A statue of Nelson Mandela stands outside the gates of Drakenstein Correctional Centre (formerly Victor Verster Prison), near Paarl in Western Cape province. (Photo: Finbarr O'Reilly/Courtesy Reuters)

A statue of Nelson Mandela stands outside the gates of Drakenstein Correctional Centre (formerly Victor Verster Prison), near Paarl in Western Cape province. (Photo: Finbarr O’Reilly/Courtesy Reuters)

Note: This is another in my continuing series on Possible Racial Futures for the US. This one is based on the last chapter of “The White Racial Frame” (2010) by Joe R. Feagin, a White American sociologist.

The US is capable of becoming less racist and more democratic, as shown by Reconstruction in the 1800s, which freed slaves and made them citizens, and Civil Rights reforms in the 1900s, which overthrew Jim Crow.

But both Reconstruction and Civil Rights were later seriously weakened because they left two things in place:

  1. Ideological: The white racial frame (white racism).
  2. Economic: Huge racial inequalities in wealth, income and education.

Therefore you need:

  1. Ideological: The liberty-and-justice frame of the Founding Fathers along with an understanding of stereotyping and institutional racism.
  2. Economic: Reparations, especially for Black and Native Americans.

Reparations: Crimes against humanity, like slavery, genocide and Jim Crow, have no statute of limitation. Without reparations it will take hundreds of years for the wealth gap between Whites and Blacks, for example, to close. Whites need to be educated to understand the huge historical damages of racial oppression and the need for major government compensation to pay for said damages.

The damage has not just been material but psychological, so something like South Africa’s Truth and Reconciliation Commission is needed as well.

The liberty-and-justice frame: Whites say they believe in it, but their enforcement of civil rights laws shows that deep down they do not, at least not when it goes against:

The white racial frame. It cuts off Whites culturally from much of the US and the world. It leads to bad foreign policy abroad and a huge waste of human capital at home. It limits freedom and democracy. It limits White thought, feeling and action, making Whites severely lacking in empathy for others. It makes them into hypocrites, saying one thing (the liberty-and-justice frame) while doing another (the white racial frame).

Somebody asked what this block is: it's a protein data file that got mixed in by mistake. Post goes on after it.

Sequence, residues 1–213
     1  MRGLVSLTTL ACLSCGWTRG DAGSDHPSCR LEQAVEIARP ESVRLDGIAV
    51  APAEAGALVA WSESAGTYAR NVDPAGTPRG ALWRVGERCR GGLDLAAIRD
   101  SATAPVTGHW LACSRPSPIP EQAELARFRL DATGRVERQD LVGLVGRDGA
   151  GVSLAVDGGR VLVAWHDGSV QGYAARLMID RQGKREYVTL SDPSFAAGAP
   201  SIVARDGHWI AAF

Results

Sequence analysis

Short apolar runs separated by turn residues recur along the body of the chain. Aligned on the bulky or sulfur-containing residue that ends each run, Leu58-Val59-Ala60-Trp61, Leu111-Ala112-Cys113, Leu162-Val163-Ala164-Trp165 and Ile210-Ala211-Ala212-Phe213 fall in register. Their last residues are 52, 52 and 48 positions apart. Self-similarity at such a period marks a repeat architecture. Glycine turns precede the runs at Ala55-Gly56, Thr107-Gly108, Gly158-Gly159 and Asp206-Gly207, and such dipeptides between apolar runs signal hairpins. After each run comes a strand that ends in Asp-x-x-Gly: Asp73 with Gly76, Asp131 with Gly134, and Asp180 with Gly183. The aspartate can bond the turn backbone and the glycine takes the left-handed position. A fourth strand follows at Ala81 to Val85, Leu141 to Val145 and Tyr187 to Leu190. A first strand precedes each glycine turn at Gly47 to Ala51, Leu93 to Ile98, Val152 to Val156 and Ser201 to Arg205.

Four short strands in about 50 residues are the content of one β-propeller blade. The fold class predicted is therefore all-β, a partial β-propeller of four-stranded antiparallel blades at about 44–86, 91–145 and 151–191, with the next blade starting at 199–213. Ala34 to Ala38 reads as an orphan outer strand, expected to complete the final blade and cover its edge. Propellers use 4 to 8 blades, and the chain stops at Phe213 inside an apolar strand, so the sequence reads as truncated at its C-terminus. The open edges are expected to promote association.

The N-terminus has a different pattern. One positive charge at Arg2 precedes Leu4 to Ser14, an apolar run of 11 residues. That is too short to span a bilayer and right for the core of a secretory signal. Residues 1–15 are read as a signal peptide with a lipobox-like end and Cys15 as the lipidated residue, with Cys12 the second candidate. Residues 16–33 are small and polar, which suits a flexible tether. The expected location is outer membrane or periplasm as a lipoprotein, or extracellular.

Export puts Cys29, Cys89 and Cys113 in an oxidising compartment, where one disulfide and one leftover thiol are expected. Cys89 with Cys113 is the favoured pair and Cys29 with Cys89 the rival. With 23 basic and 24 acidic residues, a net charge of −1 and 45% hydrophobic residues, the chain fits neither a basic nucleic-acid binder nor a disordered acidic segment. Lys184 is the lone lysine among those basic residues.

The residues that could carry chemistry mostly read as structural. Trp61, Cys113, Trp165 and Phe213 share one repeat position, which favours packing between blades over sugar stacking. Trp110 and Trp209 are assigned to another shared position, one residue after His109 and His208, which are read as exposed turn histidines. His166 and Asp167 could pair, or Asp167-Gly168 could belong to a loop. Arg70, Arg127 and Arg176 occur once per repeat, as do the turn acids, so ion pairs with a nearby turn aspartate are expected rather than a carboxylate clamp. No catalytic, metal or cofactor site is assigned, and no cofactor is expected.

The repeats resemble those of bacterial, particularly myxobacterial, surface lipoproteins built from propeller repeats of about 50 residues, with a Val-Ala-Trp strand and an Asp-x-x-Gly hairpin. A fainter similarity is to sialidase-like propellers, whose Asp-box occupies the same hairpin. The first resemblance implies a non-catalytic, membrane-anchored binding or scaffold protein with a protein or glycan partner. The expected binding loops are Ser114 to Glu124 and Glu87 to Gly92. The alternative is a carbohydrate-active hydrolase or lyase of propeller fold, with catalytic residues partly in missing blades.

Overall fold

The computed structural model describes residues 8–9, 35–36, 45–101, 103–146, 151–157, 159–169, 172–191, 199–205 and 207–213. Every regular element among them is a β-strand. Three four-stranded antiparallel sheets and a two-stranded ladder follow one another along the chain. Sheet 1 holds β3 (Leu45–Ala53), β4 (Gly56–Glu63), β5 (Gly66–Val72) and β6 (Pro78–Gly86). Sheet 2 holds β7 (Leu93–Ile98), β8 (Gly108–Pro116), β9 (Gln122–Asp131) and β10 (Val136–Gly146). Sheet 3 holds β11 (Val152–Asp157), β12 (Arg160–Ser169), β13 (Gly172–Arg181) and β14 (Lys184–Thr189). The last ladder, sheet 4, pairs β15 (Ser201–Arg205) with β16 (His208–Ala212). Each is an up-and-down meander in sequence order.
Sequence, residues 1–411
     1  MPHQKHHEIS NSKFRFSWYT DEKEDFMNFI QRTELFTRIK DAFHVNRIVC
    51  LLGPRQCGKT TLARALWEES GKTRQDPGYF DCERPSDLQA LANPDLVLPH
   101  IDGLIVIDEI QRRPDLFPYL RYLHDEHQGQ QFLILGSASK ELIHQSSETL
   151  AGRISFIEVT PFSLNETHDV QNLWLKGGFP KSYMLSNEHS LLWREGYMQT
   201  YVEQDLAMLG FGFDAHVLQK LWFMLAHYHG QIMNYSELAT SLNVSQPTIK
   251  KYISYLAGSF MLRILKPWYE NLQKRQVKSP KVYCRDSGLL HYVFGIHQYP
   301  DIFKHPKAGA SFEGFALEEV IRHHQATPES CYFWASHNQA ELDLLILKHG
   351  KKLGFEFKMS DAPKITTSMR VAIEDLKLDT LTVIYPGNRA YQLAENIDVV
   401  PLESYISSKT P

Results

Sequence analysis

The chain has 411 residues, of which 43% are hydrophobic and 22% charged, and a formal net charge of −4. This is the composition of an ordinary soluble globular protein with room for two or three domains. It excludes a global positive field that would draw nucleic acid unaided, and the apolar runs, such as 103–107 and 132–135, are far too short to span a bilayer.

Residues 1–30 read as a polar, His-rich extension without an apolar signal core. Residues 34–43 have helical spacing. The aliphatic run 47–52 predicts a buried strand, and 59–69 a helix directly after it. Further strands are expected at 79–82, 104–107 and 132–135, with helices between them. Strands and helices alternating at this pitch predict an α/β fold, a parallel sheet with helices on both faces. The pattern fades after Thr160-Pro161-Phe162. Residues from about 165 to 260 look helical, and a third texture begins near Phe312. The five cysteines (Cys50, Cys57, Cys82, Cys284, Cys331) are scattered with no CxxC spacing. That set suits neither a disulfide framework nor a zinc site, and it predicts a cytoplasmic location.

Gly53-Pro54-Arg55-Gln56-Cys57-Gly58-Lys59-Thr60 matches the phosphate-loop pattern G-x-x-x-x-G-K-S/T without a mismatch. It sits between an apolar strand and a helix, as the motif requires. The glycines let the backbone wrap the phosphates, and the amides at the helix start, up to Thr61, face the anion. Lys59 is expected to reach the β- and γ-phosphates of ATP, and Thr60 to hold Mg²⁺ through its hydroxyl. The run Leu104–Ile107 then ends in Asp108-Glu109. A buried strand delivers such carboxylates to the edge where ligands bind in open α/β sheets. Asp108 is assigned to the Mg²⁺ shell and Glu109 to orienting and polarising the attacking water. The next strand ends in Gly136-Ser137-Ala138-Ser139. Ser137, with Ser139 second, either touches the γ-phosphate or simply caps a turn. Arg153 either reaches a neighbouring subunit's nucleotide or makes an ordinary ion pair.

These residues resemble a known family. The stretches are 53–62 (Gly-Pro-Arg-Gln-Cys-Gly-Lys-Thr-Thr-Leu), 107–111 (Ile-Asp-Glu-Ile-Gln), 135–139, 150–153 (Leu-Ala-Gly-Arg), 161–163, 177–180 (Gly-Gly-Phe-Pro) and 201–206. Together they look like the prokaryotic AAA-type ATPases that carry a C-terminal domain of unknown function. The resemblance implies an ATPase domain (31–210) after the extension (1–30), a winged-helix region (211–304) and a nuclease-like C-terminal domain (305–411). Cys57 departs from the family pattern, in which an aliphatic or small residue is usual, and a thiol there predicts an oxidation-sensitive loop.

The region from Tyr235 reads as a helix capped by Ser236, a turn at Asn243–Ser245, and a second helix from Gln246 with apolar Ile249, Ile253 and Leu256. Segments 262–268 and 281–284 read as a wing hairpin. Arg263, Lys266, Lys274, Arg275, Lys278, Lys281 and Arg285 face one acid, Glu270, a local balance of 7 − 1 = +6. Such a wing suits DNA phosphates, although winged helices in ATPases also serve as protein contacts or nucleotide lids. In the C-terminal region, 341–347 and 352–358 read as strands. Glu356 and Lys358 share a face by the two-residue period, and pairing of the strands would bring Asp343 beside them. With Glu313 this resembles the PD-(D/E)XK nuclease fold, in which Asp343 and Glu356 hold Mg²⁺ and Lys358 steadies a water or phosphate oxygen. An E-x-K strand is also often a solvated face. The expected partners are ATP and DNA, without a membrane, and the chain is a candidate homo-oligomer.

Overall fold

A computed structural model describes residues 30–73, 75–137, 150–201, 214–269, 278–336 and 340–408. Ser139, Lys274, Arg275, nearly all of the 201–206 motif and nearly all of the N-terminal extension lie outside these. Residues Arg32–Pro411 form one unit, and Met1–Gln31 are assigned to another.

Some ways to weaken the white racial frame:

  • Education:
    • Teach Racism 101 and Stereotyping 101 at all levels of education.
    • Teach about famous people of colour, especially the racism they faced.
    • Read first-person accounts of Americans facing racism.
    • Teach the true history of racism and anti-racism in the US.
    • Teach how civil rights organizations apply the liberty-and-justice frame, seriously and carefully considering their point of view.
    • Consciousness raising: Have students keep diaries of racial discussions and events and then discuss them.
    • Train teachers to understand stereotype threat, etc.
    • Teach critical thinking.
  • Media:
    • Show people of colour in less stereotyped ways.
  • Calling out racism, best done by:
    • appealing to a sense of fairness.
    • appealing, where possible, to common religious moral ideas.
    • making the racial “they” into the American “we”.
    • having support groups for outers.

The US needs strong enforcement of civil rights laws, which requires:

  • Leadership that looks like America at top institutions, particularly the Supreme Court, leadership that supports racial change, reparations and restoration. That in turn requires:
  • An anti-racist movement supported by people of all races, one like the abolitionist movement of the 1800s or the civil rights movement of the 1900s.

Over the next 40 years or so Whites will have to come to terms with becoming a minority. That presents a golden opportunity to change the US for the better.

See also:

Rula Jebreal


Rula Jebreal (1973- ), Palestinian author and journalist, was a television news anchor in Italy and Egypt in the 2000s and currently, in July 2014, appears on American television as a talking head on MSNBC. She is a self-described Arab moderate. She wrote a novel, “Miral” (2003), which became a film starring Freida Pinto.

On July 21st 2014 she said the American press is “disgustingly biased” about the current war on Gaza by Israel. For example: